Mike Myers



"I'm still amazed by all this attention," says comedian Mike Myers. "I remember when my mom used to gently tell me: 'Michael, you're not funny. You shouldn't even try'." Mom isn't always right, it would seem.

Mike's parents married in Liverpool in 1955 and emigrated to Canada a year later. His father, Eric, sold insurance and encyclopedias, while mum Alice, a former officer in the Royal Air Force and aspiring actress, held down a series of desk jobs including a stint with the local bank.

In the Myers house humour was a number one priority. Visitors had to be witty or his dad would tease, "Not funny. Can't come in." His parents worshipped English culture "My parents dressed and spoke like the Beatles. People would knock on the door just to hear them talk," says Mike and Eric would often wake up his sons at all hours to watch a Peter Sellers comedy.

Making people laugh, most notably his dad, would prove Mike's main source of happiness. "Much of the work I was doing was for him, to make him proud, to make him happy," says Mike. Tragically, Eric died in 1991 after a long struggle with Alzheimer's disease. "My dad was kind of like the cashier window at the casino. Things that would happen were just chips, but when I told my dad, it would turn into money." Sadly his father didn't live to see his son's success, or to get to know Mike's wife, Robin.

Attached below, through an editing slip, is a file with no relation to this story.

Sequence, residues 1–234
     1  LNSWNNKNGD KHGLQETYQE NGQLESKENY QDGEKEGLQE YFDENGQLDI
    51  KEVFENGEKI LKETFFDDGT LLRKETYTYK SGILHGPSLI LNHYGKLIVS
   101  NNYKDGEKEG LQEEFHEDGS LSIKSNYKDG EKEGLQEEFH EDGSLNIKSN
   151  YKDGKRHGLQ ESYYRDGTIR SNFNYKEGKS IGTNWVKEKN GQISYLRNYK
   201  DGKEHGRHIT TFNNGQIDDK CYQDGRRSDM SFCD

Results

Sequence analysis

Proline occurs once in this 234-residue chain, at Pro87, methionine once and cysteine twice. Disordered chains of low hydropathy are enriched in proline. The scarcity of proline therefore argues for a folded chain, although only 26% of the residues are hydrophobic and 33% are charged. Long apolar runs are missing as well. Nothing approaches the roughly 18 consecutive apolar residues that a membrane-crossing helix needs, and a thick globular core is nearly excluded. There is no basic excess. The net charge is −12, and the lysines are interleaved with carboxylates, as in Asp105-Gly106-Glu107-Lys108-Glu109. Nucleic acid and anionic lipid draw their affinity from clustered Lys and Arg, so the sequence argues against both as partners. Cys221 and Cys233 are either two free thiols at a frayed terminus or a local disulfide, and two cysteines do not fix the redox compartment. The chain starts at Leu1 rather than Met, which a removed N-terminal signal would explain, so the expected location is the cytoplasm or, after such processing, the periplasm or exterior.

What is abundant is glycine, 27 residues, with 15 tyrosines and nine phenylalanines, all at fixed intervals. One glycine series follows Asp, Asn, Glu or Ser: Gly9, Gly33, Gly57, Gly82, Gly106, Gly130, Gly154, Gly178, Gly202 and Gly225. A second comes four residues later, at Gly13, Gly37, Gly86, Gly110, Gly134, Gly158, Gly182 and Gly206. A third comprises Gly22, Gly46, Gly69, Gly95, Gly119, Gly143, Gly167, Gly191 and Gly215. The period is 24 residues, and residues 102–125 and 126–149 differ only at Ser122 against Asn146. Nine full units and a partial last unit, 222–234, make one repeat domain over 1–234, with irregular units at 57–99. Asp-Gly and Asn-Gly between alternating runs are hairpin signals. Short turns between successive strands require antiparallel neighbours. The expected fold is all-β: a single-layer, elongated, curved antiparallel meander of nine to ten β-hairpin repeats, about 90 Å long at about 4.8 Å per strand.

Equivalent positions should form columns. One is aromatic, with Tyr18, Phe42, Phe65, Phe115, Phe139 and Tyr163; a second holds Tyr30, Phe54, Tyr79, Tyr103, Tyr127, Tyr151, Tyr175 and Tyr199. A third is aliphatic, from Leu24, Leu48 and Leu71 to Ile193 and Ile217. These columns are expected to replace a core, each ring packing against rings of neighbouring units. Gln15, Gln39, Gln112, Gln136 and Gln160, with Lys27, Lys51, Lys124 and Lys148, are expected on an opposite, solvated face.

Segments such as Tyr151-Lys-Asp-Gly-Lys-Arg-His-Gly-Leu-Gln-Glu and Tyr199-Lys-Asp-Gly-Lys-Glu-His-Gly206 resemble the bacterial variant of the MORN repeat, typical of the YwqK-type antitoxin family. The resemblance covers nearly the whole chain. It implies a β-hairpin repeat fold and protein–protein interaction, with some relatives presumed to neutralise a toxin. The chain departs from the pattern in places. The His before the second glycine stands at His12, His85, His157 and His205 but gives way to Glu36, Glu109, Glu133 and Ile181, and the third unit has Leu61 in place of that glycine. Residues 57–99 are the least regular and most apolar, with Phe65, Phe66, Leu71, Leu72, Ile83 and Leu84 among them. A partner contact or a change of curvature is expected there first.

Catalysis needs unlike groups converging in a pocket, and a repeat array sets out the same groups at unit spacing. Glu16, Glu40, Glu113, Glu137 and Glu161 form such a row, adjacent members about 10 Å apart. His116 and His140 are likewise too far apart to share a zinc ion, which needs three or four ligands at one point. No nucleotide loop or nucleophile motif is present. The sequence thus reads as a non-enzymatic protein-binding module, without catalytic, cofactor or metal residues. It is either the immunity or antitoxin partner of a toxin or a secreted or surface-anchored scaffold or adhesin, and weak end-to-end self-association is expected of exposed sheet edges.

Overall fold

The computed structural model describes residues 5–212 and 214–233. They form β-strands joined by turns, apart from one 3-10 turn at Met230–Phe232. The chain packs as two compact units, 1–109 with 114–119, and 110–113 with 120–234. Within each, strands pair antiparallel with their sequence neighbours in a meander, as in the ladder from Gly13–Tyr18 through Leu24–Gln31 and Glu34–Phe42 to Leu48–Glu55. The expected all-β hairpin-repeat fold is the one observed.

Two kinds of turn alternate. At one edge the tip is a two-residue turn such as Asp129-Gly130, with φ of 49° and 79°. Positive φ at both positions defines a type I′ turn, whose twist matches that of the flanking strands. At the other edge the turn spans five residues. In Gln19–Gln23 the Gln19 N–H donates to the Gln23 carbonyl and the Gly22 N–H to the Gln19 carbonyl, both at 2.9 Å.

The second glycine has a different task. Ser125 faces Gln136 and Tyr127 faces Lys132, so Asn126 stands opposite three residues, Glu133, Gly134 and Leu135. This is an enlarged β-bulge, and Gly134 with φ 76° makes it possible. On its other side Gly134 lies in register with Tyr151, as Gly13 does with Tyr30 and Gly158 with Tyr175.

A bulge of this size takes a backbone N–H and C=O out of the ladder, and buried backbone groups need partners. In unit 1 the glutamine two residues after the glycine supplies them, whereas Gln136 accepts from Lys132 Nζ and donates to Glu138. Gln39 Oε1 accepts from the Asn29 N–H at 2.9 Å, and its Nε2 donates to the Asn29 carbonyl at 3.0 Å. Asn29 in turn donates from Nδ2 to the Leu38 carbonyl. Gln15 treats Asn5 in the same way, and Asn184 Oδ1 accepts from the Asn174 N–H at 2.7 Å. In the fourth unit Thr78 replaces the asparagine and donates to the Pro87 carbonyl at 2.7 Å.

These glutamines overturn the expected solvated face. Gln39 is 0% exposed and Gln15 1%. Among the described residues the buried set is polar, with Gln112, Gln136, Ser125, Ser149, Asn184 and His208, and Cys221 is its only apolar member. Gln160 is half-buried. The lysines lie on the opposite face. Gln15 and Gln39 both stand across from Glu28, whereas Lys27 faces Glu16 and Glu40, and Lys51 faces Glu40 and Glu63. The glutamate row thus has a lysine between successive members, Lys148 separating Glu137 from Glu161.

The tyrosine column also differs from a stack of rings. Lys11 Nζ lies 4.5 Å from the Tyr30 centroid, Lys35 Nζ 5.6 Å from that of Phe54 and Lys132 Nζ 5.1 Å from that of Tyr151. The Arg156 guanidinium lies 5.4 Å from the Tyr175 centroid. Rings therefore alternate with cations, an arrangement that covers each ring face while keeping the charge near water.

While on tour in Chicago with Toronto's famed Second City comedy troupe, Mike had met an aspiring actress named Robin Ruzan. "I have to be with this girl," he told friends, and soon re-located to Chicago. They've been together ever since, tying the knot in May 1993. "There's no happier man alive than Mike when he has Robin laughing out loud," says Jay Roach, director of the smash hit Austin Powers movies.

He later moved to New York where he landed a job writing and appearing on Saturday Night Live, the venerable comedy sketch programme that launched careers ranging from John Belushi to Adam Sandler. Though the programme is notorious for its competitive writing atmosphere, Mike's characters, including basement TV presenter Wayne Campbell and nagging Coffee Talk host Linda Richman, became instant classics.

A series of movies followed including Wayne's World and the under-rated So I Married An Axe Murderer, before the psychedelic spy's chest hair and famously bad teeth were unveiled in Austin Powers International Man Of Mystery and made Mike an international star. Two sequels followed, Austin Powers: The Spy Who Shagged Me in 1999 and Austin Powers In Goldmember in 2002.

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